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International Finance In Class Exercise. Managing Foreign Exchange Risk. The Nature of Hedging. In the last 3 weeks, we have: 1.Developed a number of measures of exposure 2.Constructed measures of the risks associated with these exposures

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International Finance In Class Exercise

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International FinanceIn Class Exercise

Managing Foreign Exchange Risk

The Nature of Hedging

In the last 3 weeks, we have:

1.Developed a number of measures of exposure

2.Constructed measures of the risks associated with these exposures

3.Determined how to identify the appropriate exposure to hedge among a portfolio of exposures.

4.Reviewed the advantages and disadvantages of a number of financial instruments that can aid us in hedging these exposures.

The Nature of Hedging

We have also discussed the following:

1. Why hedge?

2. What kinds of risks should we focus on to hedge?

3. At what horizon should the hedging take place?

4.What can be done from the operational side to manage foreign exchange risks?

5.Appropriate overall approaches to managing foreign exchange risk at a multinational.

A. Under what circumstances would the one-year forward rate be equal to the current spot rate?

Group Project

B. If Jaguar can sell all 100K cars at $50K, what is the pound revenue at the spot rate? The gain or loss on the forward contract? The net gain to Jaguar?

Group Project

C. What if Jaguar has to cut its price to $45K, what is the pound revenue at the spot rate? The gain or loss on the forward contract? The net gain to Jaguar?

Group Project

What Risks Should be Hedged?

Economic exposure is ultimately what the firm should be concerned with

Indeed, even transaction exposures should be evaluated in terms of whether they are associated with an underlying economic exposure.

When considering hedging a known outflow or cost, the firm must evaluate the revenue side operations; when considering a known inflow or revenue, the firm needs to evaluate the cost side.

Whenever the currency movement affects revenues and costs equally, only the profit margin is truly exposed.

What Risks Should be Hedged?

For treating economic exposure, financial hedges have two main shortcomings:

1. Horizon. Outside of swaps, most financial hedges become quite expensive over longer horizons. While swaps can provide an inexpensive way to construct a series of long-dated forward contracts, they require accurate assessment of future cash flows.

For hedging uncertain future cash flows, long-term futures contracts are unavailable, and the costs of long-term options will be prohibitively large.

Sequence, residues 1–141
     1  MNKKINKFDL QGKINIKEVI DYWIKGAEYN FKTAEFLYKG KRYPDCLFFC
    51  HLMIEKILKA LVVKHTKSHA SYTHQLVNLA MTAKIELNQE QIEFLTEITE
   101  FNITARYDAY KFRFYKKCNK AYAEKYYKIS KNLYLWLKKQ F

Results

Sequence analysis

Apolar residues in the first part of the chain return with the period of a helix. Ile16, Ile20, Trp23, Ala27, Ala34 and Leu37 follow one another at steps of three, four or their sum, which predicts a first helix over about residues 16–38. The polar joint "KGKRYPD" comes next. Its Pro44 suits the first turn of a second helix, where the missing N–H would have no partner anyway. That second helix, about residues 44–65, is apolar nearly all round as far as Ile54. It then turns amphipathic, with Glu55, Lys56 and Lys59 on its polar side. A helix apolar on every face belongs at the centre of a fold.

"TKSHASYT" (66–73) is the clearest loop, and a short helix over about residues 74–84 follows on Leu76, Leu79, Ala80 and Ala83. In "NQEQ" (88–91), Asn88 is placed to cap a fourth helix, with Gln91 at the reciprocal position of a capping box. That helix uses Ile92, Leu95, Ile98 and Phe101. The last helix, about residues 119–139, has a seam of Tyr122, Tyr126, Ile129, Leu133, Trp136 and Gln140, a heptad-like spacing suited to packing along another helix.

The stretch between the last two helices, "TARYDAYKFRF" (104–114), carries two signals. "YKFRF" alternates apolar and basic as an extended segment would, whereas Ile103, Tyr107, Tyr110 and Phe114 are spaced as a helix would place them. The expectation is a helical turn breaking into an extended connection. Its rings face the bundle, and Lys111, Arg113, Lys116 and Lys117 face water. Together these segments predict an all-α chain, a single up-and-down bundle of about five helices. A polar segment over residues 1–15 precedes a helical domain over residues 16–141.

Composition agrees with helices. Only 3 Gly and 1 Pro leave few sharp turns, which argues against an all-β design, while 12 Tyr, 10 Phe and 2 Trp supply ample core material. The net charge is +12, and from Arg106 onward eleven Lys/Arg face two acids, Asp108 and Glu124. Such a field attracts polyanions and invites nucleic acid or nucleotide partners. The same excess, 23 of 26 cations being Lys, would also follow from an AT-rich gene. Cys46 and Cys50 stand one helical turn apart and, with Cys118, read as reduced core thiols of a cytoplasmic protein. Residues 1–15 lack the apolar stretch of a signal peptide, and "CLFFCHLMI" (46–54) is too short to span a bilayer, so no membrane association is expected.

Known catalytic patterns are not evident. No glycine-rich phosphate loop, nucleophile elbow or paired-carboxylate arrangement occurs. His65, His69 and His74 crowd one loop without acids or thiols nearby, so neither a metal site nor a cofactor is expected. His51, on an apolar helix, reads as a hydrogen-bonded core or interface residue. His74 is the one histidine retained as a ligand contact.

What Risks Should be Hedged?

2. Real vs. Nominal. Financial hedges can only hedge nominal amounts. If there are real changes in home currency costs and revenues, nominal hedges may be quite ineffective.

As we have seen, real and nominal exchange rates coincide reasonably well in developed countries, but the correspondence is usually weak for emerging economies.

Economic Exposure in the Long Run

Recall that economic exposure is only concerned with changes in the market value of the firm that result from real exchange rate changes.

Hence, if RPPP holds in the long run, changes in the real exchange rate should balance out in the long run.

This is what we saw with most of the developing countries that saw large short-term swings in the real exchange rate.

Thus, long-term hedging activity may not be needed or productive.

Where then is the value in hedging economic exposure?

Economic Exposure in the Long Run

Recall that most of the arguments for hedging activities focus on the short-run:

1. Ensuring that the firm (or manager) gets to the long run.

2.Minimizing systematic shareholder risks.

3. Achieving short-run tax, monitoring, and investment efficiencies.

Hence, a shorter-horizon perspective that focuses on the economic exposure of highly-known nominal cash flows may be reasonable after all. In other words, only exposures which pose a material threat to the value of the firm’s periodic cash flows should be hedged.

Marketing Management

Pricing. If firms have some flexibility to adjust prices and ‘pass-through’ the exchange rate effects, they will want to do so in responding to exchange rate changes.

Specifically, firms selling in overvalued currencies will want to lower the local currency price to capture larger market share, while those operating in undervalued currencies will raise prices to maintain profit margins.

Firms in more competitive industries face less flexibility in terms of their pricing schedules.

Foreign Exchange Risk Management

1. Focus attention on risks which have a material impact on the expected value and systematic risk of the firm to shareholders.

2. Measure exposures and risks accurately:

- recognize any potentially offsetting effects in costs, revenues, quantities, or pass-through.

- take into account offsetting movements in exposures to other currencies.

-apply appropriate measures of risk: RPPP for exposures not linked to interest rates and UIP for those that are interest sensitive (i.e. cash deposits).

Foreign Exchange Risk Management

3.Use risk management to control risks in the short-run, while relying on firm, manager, and exchange rate fundamentals to dominate in the long-run.

4.Don’t ignore opportunities to manage exchange rate risks from the operational side.

Foreign Exchange Risk Management

5.Recognize that risk management often creates more risk than it eliminates - no firm (or municipality) ever went bankrupt solely due to insufficient risk management, plenty have gone bankrupt as a result of too much.

6.Keep in mind that investment banks make more money when you worry about FX risk than when you don’t.

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